There are so many variables to consider in answering this question that in my opinion the simplest possible calculation is likely to give as good an answer as any other.

With that in mind:

Anna was carrying a single reefed mainsail and the smaller self tacking jib when the squall hit. The crew’s first response to the squall was to initiate reefing the jib and in doing so the jib outhaul, which is essentially the sheet, was let go most of the way, allowing the jib to luff. For the purposes of this simplistic calculation then, let's assume the jib was luffing and not contributing any side force.

The maximum righting moment of the boat is the product of the vessel loaded weight (approx 28,000 lbs) multiplied by the distance from the center of gravity to the heeled center of buoyancy (11'). This equals 308,000 ft/lbs of righting moment. To overcome that stability what force needs to be applied to every square foot of mainsail?

The mainsail area with the first reef tied in is 738 sq/ft. Its center of area is about 33' above the waterline. To equal the maximum righting moment of 308,000 ft/lbs, a force of 12.65 pounds has to be applied to every square foot of mainsail. (738sq/ft x 33' x 12.65lbs= 308,000 ft/lbs)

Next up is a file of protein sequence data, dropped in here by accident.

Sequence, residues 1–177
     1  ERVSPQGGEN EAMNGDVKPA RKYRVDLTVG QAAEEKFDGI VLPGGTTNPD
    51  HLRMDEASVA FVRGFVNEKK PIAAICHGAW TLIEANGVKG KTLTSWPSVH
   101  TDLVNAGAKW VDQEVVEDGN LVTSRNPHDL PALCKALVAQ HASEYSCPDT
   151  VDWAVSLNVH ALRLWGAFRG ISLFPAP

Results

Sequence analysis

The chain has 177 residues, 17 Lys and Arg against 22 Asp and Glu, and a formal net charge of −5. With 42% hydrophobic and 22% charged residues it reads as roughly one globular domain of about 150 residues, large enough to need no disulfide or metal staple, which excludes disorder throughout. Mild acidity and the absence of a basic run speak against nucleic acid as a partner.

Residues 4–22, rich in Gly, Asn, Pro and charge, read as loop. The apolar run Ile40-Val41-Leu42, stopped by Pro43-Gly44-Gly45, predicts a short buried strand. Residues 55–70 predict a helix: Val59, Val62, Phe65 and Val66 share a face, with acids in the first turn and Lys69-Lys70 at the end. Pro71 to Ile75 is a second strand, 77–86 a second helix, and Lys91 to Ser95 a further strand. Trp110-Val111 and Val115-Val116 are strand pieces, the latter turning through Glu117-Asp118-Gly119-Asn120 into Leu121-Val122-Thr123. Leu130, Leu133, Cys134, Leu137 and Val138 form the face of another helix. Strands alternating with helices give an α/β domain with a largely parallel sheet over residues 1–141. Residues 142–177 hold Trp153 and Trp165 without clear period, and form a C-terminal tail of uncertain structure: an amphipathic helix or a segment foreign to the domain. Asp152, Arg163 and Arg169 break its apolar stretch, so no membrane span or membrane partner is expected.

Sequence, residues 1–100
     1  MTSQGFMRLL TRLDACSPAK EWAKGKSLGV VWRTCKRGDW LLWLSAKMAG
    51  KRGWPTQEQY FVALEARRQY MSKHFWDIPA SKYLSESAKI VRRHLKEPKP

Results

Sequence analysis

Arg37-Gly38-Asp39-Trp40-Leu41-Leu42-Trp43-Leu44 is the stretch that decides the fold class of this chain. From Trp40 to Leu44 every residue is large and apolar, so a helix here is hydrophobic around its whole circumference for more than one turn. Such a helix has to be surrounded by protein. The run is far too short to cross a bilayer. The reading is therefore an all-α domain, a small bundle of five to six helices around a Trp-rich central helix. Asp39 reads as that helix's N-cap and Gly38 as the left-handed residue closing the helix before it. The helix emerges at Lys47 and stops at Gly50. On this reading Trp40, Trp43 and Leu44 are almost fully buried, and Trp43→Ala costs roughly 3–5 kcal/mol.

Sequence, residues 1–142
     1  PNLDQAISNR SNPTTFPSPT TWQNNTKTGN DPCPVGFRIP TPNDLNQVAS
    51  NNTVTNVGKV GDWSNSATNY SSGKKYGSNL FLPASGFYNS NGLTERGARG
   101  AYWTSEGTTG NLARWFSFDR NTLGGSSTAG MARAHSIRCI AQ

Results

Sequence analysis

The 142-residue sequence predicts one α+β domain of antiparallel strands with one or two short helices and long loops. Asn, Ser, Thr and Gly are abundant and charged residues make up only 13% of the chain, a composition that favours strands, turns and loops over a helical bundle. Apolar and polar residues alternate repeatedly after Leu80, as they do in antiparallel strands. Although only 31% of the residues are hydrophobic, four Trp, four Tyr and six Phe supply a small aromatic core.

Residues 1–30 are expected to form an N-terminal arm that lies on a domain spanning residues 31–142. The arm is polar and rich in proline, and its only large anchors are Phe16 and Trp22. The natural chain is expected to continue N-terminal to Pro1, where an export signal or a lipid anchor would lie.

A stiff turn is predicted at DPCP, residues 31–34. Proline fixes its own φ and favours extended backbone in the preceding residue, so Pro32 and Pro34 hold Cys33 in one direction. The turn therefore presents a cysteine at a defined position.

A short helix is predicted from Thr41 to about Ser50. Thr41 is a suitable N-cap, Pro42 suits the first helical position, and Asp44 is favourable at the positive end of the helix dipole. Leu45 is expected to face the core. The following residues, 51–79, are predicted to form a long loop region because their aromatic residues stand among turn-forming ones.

Anna had been sailing to windward and the mainsail was sheeted in fairly hard. Then the direction of the wind moved aft in a gust so Anna was sailing with the wind near the beam. Again for the purposes of the simplified calculation we can assume the mainsail to be a flat plate with the wind acting on it at a 90 degree angle.

Using the standard formula for the dynamic pressure of wind*, a force of 12.6 lbs/sq ft is obtained at a wind velocity of 103 feet per second, or 61.8 knots (70 mph).

Given all the fudge factors and unknowns that would need to be applied to refine this basic calculation, it makes sense to view it as the middle of a range that could easily extend 5 or even 10 knots to either side. But interestingly, Anna's crew reported seeing 62 knots on the wind meter moments before capsize. So maybe it isn't too far off the mark.

Running the same calculation for a double reefed Atlantic 57 mainsail yields a wind-to-capsize velocity of 83 knots (94 mph). I am sure these calculations are increasingly flawed at the higher wind velocities because I did not account for the drag of mast, rigging and hulls. However as a comparative number with the single reef calculation it does illustrate the fact that as the sail area is both reduced and lowered the boat is able to stand up to significantly more wind.

*The standard formula for the dynamic pressure of wind is:

F = 0.00119 x Va(squared) x Sa x C

Where:

F is the dynamic pressure of wind, measured in lbs/sq ft

Va is the wind velocity in ft/sec

Sa is the sail area in sq/ft

C is the aerodynamic force coefficient, typically taken as 1